The New York Times recently posted an article about passwords that you might want to share with your team. The title says it all . . . “If Your Password Is 123456, Just Make It HackMe” by Ashlee Vance. What I really like is the sidebar listing the most common passwords.
Not only is the sidebar interesting, it’s also quite funny!
The author does a good job of explaining why people who refuse to use strong passwords are setting themselves up for a big disappointment. She also has a great metaphor in that weak passwords is like leaving your key under the doormat. We’re really fooling ourselves if we think that somehow criminals won’t think to look under the doormat!
The well-written article does miss a couple of opportunities that you might want to add if you forward it to your team. It falls a bit short in not introducing the concept of cracker software, which is a missed opportunity to motivate users. Meanwhile, it also fails to explain what actually makes a strong password, so I’ll do that as a reminder in our next Vigilize tweet.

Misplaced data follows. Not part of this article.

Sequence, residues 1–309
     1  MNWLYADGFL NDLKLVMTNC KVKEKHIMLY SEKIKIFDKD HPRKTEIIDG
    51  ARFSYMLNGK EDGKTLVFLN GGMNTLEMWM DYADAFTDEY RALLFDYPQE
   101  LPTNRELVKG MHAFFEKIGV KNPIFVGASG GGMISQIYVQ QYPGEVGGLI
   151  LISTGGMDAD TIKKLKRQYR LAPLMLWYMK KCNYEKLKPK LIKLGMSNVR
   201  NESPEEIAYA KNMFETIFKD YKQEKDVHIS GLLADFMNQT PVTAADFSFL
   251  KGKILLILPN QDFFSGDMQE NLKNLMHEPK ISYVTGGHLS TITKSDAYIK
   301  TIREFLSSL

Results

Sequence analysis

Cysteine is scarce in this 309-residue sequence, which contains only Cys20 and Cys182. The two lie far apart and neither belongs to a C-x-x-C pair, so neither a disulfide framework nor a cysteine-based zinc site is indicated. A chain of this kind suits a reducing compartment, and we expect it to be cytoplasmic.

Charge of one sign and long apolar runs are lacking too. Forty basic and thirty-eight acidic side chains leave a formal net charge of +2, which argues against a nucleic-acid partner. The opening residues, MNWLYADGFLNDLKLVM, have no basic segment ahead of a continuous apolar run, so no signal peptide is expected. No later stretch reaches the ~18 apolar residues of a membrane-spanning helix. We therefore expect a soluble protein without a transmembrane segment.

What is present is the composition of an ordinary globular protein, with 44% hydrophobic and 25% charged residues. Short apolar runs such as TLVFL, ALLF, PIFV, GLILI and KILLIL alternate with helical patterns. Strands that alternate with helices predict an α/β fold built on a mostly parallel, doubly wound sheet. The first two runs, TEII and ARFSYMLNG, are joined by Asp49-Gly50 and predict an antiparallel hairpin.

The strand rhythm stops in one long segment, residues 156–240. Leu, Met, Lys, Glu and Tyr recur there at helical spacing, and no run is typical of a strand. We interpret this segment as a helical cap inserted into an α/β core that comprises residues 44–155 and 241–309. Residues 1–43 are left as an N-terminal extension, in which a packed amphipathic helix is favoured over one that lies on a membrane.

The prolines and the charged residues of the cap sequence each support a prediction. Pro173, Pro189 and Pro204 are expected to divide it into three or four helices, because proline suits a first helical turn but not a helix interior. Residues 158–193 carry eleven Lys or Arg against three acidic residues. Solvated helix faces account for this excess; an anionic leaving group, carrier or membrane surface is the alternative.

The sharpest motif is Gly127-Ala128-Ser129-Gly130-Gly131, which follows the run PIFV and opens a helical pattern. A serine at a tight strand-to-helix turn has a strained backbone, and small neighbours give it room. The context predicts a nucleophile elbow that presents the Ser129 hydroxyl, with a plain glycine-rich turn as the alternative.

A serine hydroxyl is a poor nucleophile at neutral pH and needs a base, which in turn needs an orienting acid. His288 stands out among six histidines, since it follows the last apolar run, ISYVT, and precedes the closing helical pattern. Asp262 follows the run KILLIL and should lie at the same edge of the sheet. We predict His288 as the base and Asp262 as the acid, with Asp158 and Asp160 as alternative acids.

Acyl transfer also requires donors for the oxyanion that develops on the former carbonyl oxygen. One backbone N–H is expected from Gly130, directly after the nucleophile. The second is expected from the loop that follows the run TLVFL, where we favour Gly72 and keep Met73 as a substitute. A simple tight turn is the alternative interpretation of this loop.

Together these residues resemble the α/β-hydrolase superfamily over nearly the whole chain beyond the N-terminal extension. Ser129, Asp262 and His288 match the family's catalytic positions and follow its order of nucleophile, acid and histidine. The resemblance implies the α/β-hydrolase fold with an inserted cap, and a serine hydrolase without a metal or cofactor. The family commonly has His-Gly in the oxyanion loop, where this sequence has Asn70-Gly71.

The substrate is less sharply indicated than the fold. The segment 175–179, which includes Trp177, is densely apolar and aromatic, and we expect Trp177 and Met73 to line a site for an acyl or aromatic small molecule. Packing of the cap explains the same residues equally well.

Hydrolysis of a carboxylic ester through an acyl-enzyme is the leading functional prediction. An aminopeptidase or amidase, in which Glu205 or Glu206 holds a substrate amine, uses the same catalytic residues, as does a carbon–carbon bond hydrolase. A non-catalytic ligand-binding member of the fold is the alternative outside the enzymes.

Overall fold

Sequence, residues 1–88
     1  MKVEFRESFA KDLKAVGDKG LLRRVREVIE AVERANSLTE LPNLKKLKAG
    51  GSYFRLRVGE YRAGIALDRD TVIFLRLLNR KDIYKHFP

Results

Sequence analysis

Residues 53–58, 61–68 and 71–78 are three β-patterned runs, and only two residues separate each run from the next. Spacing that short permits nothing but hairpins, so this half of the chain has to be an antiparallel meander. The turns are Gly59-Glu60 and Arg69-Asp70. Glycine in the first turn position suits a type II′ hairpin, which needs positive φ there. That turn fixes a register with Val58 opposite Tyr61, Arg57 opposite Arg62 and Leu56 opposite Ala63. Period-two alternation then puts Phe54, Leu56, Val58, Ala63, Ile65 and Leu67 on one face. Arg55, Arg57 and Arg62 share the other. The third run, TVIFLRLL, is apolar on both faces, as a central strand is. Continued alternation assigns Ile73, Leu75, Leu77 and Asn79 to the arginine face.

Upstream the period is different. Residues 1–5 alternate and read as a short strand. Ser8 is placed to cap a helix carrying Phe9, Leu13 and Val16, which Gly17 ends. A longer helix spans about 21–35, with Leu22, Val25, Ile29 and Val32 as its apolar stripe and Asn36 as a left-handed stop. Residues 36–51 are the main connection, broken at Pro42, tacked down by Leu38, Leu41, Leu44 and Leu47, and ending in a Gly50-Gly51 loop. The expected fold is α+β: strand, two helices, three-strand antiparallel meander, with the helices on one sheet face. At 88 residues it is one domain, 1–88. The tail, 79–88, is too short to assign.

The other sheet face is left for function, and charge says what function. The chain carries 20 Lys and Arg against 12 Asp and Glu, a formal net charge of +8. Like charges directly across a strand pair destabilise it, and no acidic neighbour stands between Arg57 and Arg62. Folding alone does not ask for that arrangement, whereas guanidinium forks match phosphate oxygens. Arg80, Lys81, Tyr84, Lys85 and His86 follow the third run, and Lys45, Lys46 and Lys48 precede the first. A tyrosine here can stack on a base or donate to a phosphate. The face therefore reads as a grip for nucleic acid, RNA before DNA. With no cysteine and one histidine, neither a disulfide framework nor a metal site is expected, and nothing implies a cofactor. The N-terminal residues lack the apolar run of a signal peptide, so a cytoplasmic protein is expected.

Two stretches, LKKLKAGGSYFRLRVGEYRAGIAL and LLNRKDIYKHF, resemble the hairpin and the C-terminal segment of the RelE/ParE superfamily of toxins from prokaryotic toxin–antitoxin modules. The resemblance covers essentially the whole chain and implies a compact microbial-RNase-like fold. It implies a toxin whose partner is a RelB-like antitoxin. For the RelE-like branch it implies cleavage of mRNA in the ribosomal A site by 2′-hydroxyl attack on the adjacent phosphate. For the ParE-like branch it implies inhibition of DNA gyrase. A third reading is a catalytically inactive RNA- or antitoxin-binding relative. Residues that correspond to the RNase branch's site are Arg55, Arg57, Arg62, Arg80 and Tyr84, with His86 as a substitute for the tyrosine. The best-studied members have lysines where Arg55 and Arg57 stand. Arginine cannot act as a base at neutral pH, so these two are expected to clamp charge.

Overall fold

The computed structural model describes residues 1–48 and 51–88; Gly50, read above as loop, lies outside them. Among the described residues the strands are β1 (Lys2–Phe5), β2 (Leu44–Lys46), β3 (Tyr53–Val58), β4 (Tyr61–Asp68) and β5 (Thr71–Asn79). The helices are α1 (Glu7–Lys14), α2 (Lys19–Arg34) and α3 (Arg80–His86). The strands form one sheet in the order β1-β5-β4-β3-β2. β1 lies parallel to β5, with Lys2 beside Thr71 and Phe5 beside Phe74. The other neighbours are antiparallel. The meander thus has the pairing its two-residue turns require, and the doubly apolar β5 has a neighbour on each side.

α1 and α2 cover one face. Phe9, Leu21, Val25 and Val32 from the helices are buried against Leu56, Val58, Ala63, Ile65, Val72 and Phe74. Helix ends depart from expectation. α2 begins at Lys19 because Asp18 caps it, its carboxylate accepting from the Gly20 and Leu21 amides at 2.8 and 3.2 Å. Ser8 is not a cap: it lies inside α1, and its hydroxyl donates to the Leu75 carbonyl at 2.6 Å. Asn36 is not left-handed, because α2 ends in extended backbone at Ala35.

So you don’t have to visit the subject twice, here’s a sneak preview:
You must use strong passwords to beat cracker software, which is software that bad guys used to guess passwords really fast.
A strong password has six factors:
- 1) Numbers like 1234…
2) Upper case letters like ABCD…
3) Lower case letters like efgh…
4) Special characters like @$%^…
5) At least eight characters long
6) No dictionary words.
Feel free to copy that into an e-mail to your employees. The last factor . . . no dictionary words . . . . be sure to point out that cracker software gets through the dictionary in less than 20 seconds. Thus the password: America#1 is only a three character password. Though it has five of the six factors, it can be guessed by cracker software in less than a minute.
Oh . . . the article . . . it’s by Ashlee Vance and you get to it here!
Posted by Dan Hadaway CISA, CISM